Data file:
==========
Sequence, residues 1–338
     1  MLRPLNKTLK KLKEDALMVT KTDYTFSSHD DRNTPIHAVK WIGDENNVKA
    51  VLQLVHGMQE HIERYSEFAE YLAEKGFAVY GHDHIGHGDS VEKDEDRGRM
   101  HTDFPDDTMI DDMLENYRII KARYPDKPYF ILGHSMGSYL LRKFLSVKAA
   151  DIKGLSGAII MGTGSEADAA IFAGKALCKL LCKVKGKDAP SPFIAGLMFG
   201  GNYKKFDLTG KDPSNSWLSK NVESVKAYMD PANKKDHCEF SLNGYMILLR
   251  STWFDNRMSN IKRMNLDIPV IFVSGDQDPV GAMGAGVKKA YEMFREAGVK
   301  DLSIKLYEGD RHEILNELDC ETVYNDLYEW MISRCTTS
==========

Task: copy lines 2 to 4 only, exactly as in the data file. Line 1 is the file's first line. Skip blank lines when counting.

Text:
     1  MLRPLNKTLK KLKEDALMVT KTDYTFSSHD DRNTPIHAVK WIGDENNVKA
    51  VLQLVHGMQE HIERYSEFAE YLAEKGFAVY GHDHIGHGDS VEKDEDRGRM
   101  HTDFPDDTMI DDMLENYRII KARYPDKPYF ILGHSMGSYL LRKFLSVKAA